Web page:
One night, Don Chequel appeared, knocking at my grandfather’s door. Grandfather noticed that the dogs didn’t bark that night (believed to be a sign of ghosts) and was surprised at the man’s long, unkempt, dirty hair. After talking a while, he recognized it was Don Chequel and offered him a job on his farm.

The man repeatedly told my grandfather about the tunnel of Quiriguá and wanted my grandfather to accompany him. Grandfather instead invited him to attend the Quaker Church, to see if Don Chequel could be healed from his apparent hallucinations. He believed that bad spirits troubled Don Chequel. The man repeatedly asked my grandfather to accompany him to the tunnel, so one day Grandpa decided to go with him.

Don Chequel described how he had entered it many years earlier, following a lovely woman in a white dress with long black hair, who wanted to show him something he didn’t understand. Without fear, he walked behind her as she followed a bright light in front of her. In drawings on the tunnel walls, he saw the story of Yax K’uk’ Mo (the green quetzal macaw with a goggle-eyed headdress who was the first ruler of the City of Copán), and saw mounds of golden coins, gold feathers, gold chains and bracelets and lots of jewelry made of precious jade. He was thrilled by all the jade jewelry and golden coins and the sound of them clinking in his hands.

Along the way, he saw human bones mixed with jade tools. He followed the woman until they entered a cave larger than a cathedral. There, she stopped and sat down on a jade-golden throne with Yax K’uk’ Mo sitting beside her. Don Chequel suddenly saw his own hair growing long and his skin turning wrinkled, and he found himself sitting at the edge of the river in Copán, trembling—his hands grasping bunches of small stones at the edge of the river.

My grandfather believed that Don Chequel saw the macaw nahual, which was part of the myth that indigenous elders in Quiriguá spoke of when he was growing up. He thought this nahual had enticed Don Chequel through the tunnel and removed his soul. Thus, he felt it was very important that Don Chequel get spiritual help.

My great uncle Ignacio was the pastor of the Quaker Church in Gualán, Zacapa, and agreed to help Don Chequel. The brothers of the Quaker Church cared for Don Chequel and invited him to participate in their religious services. At first, he couldn’t enter the church and would tremble and faint. In time, he was finally able to enter and was cured of his spiritual ailments.

When my story was done, the priest brought me the stone that was on the altar and told me that this nahual was talking throughout my story of Quiriguá, saying that I should continue telling such stories. I left with warm feelings about my encounter with the people of San Andrés Xecul. Later, as an anthropologist, I would learn more about nahuals, meet more people who would tell me their experiences with nahuals, and visit many important Mayan altars and Ajq’ij Ab (time keepers for the Mayan calendar) in Guatemala’s countryside.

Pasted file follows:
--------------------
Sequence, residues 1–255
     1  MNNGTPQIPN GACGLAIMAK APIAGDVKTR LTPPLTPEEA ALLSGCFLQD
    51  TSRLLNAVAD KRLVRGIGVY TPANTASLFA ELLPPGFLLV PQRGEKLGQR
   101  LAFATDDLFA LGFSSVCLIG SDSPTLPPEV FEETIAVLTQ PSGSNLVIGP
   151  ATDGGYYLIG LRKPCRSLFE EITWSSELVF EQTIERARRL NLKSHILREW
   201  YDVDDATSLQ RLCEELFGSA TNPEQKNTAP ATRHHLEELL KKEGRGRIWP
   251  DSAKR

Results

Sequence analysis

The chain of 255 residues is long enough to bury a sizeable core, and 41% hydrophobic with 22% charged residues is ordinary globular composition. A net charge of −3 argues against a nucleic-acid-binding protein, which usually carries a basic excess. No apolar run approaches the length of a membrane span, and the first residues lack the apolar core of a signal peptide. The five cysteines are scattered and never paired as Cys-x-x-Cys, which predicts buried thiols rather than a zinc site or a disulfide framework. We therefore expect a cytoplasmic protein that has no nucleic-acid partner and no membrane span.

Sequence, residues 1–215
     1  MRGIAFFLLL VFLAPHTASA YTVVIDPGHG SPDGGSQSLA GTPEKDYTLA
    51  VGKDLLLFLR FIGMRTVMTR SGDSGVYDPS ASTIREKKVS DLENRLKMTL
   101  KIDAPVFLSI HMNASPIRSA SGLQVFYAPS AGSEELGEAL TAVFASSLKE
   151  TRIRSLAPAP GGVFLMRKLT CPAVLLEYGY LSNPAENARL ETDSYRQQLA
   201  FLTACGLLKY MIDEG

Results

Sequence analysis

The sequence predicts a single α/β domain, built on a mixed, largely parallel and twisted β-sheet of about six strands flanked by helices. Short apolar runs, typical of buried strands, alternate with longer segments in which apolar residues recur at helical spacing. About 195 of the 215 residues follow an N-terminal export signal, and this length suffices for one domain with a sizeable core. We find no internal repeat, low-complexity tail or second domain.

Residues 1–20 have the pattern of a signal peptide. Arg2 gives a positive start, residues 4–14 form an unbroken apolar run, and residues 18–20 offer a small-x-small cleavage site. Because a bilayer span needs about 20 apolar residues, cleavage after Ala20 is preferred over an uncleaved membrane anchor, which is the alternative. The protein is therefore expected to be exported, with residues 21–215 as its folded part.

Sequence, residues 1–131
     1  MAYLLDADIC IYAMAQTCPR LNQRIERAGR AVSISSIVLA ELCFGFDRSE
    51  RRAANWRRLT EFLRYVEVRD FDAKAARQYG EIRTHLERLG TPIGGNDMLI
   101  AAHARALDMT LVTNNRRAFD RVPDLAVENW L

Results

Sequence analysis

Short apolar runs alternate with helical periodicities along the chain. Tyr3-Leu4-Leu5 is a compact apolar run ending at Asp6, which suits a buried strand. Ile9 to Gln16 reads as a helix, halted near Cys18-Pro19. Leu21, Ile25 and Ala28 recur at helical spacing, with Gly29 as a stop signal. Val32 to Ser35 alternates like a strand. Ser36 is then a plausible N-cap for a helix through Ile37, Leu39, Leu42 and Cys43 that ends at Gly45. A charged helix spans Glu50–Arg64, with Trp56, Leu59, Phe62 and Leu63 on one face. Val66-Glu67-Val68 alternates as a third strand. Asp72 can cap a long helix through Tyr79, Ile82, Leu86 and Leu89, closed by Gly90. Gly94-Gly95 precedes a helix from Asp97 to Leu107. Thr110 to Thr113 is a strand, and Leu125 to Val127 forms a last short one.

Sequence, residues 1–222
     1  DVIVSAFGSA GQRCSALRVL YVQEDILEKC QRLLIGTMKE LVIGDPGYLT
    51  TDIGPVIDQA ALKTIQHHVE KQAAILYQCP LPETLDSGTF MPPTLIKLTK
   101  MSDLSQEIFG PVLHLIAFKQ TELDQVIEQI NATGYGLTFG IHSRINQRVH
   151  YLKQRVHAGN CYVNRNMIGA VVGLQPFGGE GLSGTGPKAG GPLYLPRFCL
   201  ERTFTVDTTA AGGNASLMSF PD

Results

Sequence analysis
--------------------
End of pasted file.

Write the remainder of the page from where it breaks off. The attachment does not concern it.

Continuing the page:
In 1988, I was assigned with a team to do anthropological field work at Santa María Chiquimula in Totonicapán and two years later I founded La Casa del Nahual, a Guatemalan cultural center and indigenous and Spanish language school in Quetzaltenango, promoting cultural and international student exchange with Mayan local leaders.

In 2000 in San Diego, California, Bernard Groefsema and I co-founded the Nahual Foundation, a think tank by and for indigenous peoples of the Americas. In 2004, I returned to Guatemala to create the Fundación Nahual and to work as a community organizer, teaching about the community development council system and helping people to understand the importance of civic participation in post-war Guatemala. Currently, the work of Fundación Nahual is to teach Guatemalan community members how to form community development councils and to use them effectively to drive community-determined projects.

Each of us has a nahual, or an animal essence, that can work for positive or negative aims. It is up to us, and the spirit of the nahual, to channel this energy for good.

Fundación Nahual, 2a avenida norte #6-B
La Antigua Guatemala
(502) 7832-0167, 5985-4954

www.fundacion-nahual.org

(photo by Thor Janson)

(photo by Thor Janson)